Another week has passed, and summer time is getting closer and closer. Let’s hope the following weeks end up being productive and I can share some good news. Let’s start with the links this week, which group the topics of 3D printing, machine learning, food, and astrobiology:
3D printing takes the smart route
A very interesting article on how researchers have started to print smart 3D objects. These objects, after being manufactured, can change its shape/properties over time. They can reconfigure themselves and adapt to different conditions, which makes them extremely useful in many scenarios, such as biomedical implants (imagine an implant that changes its shape to adapt to the body of a specific patient).
The coolest thing about the approach is that it uses a relatively cheap technology that many people can adopt, and it fastens a lot the development cycle of these smart objects. This is quite interesting because building this kind of stuff with conventional techniques might be extremely expensive or even impossible.
3D printing adds another dimension, on Chemistry World
Where the magic happens
Who wants to attend the Olympics when you can follow the World Fondue Championship? Switzerland, November 2023, you are on my calendar.
The organisers went above and beyond to spoil the audience, supplying them with 450 kg of bread, 220 kg of charcuterie, 300 kg of cheese, 500 bottles of wine and 250 large beer bottles – a feast fit for Obelix.
The leap of faith
Awesome video of salamanders gliding on a wind tunnel. Not much more to say (as I do not fully understand why this is of interest for biologists). You can take a look at the paper if you are interested, though.
Watch salamanders ‘skydive’ in a wind tunnel, on Science
Exotic beasts and how to find them
Really good article on The Economist about the search of life outside of our planet. Besides technical difficulties (looking far away is never easy), one of the biggest challenges to finding life in the universe has always been knowing which signs to look for. For the past few decades, scientists have assumed that life on other planets should be similar to the one we find on Earth, but that is a bold hypothesis. Nowadays, people are starting to search for different signs of life, based on chemical processes that differ from the ones living beings produce on our planet. The time for searching for signs of liquid water might have come to an end.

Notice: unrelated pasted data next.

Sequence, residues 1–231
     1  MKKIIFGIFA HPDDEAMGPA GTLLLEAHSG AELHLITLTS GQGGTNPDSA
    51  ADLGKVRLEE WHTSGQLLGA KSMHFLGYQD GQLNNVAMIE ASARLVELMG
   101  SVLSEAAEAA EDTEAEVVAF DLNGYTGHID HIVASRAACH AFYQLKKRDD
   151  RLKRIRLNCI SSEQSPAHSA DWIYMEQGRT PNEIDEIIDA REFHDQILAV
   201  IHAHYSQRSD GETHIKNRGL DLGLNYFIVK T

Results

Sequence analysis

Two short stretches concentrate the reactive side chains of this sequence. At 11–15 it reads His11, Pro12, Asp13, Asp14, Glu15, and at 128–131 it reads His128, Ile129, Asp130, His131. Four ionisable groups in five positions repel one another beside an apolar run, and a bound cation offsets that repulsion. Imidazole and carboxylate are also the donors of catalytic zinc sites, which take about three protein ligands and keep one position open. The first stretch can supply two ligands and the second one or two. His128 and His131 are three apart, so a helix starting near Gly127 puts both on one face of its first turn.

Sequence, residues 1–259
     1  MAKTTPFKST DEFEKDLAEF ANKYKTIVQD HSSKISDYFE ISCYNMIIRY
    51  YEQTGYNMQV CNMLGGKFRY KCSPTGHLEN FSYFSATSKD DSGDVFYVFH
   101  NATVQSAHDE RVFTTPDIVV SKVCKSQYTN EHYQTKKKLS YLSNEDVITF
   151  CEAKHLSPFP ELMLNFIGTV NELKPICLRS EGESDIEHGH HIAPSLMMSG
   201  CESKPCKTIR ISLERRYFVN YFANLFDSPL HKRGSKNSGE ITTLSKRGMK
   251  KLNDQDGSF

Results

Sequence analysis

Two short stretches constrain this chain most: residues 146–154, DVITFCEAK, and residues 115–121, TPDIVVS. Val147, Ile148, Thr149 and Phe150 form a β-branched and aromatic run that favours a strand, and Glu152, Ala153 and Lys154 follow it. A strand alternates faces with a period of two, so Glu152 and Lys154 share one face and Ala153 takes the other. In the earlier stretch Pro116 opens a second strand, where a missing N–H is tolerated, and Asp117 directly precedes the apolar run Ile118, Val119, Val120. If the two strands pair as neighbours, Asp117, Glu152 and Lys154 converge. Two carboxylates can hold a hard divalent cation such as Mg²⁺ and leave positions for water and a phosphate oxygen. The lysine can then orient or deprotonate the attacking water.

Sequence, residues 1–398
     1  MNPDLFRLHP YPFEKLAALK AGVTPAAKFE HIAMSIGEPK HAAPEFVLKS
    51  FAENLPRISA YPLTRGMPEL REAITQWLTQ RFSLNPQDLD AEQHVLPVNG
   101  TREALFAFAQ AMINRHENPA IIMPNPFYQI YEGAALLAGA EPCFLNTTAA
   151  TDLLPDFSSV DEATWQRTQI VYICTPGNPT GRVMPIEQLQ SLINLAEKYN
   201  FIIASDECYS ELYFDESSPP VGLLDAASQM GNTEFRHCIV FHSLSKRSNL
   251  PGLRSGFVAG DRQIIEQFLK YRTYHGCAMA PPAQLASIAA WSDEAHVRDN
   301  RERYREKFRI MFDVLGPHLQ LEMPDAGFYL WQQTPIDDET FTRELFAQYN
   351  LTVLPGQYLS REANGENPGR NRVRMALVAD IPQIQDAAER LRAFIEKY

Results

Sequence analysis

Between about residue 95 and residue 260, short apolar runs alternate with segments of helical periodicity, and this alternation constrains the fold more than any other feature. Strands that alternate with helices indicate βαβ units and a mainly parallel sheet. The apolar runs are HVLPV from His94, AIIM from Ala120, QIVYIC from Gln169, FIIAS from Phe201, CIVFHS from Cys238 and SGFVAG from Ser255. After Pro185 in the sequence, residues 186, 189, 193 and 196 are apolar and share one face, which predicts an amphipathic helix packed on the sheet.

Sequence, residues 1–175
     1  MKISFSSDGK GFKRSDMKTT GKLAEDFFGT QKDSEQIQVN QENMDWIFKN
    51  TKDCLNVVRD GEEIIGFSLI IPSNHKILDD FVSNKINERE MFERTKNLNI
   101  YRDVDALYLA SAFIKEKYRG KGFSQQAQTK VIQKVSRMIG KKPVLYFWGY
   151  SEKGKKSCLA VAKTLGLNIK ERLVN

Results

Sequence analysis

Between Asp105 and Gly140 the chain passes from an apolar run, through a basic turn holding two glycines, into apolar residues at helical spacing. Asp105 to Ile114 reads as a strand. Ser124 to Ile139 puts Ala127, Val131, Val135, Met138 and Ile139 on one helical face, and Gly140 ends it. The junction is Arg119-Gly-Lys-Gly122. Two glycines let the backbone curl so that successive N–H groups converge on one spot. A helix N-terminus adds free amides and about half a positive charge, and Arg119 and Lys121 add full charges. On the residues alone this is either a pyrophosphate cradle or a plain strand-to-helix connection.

How to improve the search for aliens, on The Economist
Is AI getting cleverer?
During the past few weeks, we have seen a few AI models being announced. It started with DALL-E, which can generate images from small pieces of text from the user (you can take a look at the examples @hardmaru has been posting for a while now on Twitter). Shortly afterwards, Google showed its own monster, Imagen, which seems to provide even more photorealistic results. Earlier this month, DeepMind presented its generalist AI model, called Gato. It can play video games, caption images, chat with people and control a robot arm, among others. In fact, DeepMind’s AI can do a total of 604 different tasks, but it does not excel at any (when compared to task-specific algorithms).
Regardless of quality (which is quite impressive in all of these examples), the announcements have sparkled many interesting debates. Doubts about what can be considered as “general” when talking about artificial intelligence, many questions regarding how these models have been trained, and of course, a lot of theories with respect to what will be the next steps on the field. While many people think that we will see human-like AI models soon, there are still a few skeptics around.
“AGI speaks to something deeply human—the idea that we can become more than we are, by building tools that propel us to greatness,” he says. “And that’s really nice, except it also is a way to distract us from the fact that we have real problems that face us today that we should be trying to address using AI.”The hype around DeepMind’s new AI model misses what’s actually cool about it, on the MIT Technology Review
The hype around DeepMind’s new AI model misses what’s actually cool about it, on the MIT Technology Review
The dark secret behind those cute AI-generated animal images, on the MIT Technology Review
And that’s it for the week. Stay safe!
Featured image from Imagen